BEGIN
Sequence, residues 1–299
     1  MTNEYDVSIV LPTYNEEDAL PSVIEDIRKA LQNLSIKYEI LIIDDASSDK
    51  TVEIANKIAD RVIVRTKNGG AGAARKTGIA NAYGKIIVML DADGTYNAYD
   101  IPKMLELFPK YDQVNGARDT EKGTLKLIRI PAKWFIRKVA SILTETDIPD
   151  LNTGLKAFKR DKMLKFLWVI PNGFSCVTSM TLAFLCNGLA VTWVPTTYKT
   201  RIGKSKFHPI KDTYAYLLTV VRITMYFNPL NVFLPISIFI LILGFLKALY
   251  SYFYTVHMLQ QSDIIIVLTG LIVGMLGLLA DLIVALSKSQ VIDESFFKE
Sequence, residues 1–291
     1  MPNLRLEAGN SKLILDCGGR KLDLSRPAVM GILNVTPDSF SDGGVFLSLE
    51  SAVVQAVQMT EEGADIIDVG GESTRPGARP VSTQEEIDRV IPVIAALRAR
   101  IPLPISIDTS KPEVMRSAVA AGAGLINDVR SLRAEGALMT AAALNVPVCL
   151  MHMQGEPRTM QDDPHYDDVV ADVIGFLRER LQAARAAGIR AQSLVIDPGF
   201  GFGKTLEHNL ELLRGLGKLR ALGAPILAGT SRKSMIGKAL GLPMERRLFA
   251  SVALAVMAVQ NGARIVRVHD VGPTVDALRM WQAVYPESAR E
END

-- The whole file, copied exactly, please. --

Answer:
Sequence, residues 1–299
     1  MTNEYDVSIV LPTYNEEDAL PSVIEDIRKA LQNLSIKYEI LIIDDASSDK
    51  TVEIANKIAD RVIVRTKNGG AGAARKTGIA NAYGKIIVML DADGTYNAYD
   101  IPKMLELFPK YDQVNGARDT EKGTLKLIRI PAKWFIRKVA SILTETDIPD
   151  LNTGLKAFKR DKMLKFLWVI PNGFSCVTSM TLAFLCNGLA VTWVPTTYKT
   201  RIGKSKFHPI KDTYAYLLTV VRITMYFNPL NVFLPISIFI LILGFLKALY
   251  SYFYTVHMLQ QSDIIIVLTG LIVGMLGLLA DLIVALSKSQ VIDESFFKE
Sequence, residues 1–291
     1  MPNLRLEAGN SKLILDCGGR KLDLSRPAVM GILNVTPDSF SDGGVFLSLE
    51  SAVVQAVQMT EEGADIIDVG GESTRPGARP VSTQEEIDRV IPVIAALRAR
   101  IPLPISIDTS KPEVMRSAVA AGAGLINDVR SLRAEGALMT AAALNVPVCL
   151  MHMQGEPRTM QDDPHYDDVV ADVIGFLRER LQAARAAGIR AQSLVIDPGF
   201  GFGKTLEHNL ELLRGLGKLR ALGAPILAGT SRKSMIGKAL GLPMERRLFA
   251  SVALAVMAVQ NGARIVRVHD VGPTVDALRM WQAVYPESAR E